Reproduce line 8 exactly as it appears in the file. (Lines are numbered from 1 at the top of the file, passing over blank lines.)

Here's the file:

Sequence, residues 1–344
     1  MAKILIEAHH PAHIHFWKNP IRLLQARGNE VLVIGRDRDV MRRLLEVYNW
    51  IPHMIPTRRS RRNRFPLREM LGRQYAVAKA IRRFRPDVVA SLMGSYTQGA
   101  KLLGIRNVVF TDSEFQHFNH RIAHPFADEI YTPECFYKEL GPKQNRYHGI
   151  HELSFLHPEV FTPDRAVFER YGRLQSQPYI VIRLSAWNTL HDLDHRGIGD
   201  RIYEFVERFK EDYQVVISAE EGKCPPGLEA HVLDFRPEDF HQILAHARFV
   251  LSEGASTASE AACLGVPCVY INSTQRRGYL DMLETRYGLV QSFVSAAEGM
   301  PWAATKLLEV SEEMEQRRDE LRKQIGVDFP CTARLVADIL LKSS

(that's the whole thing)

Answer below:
   301  PWAATKLLEV SEEMEQRRDE LRKQIGVDFP CTARLVADIL LKSS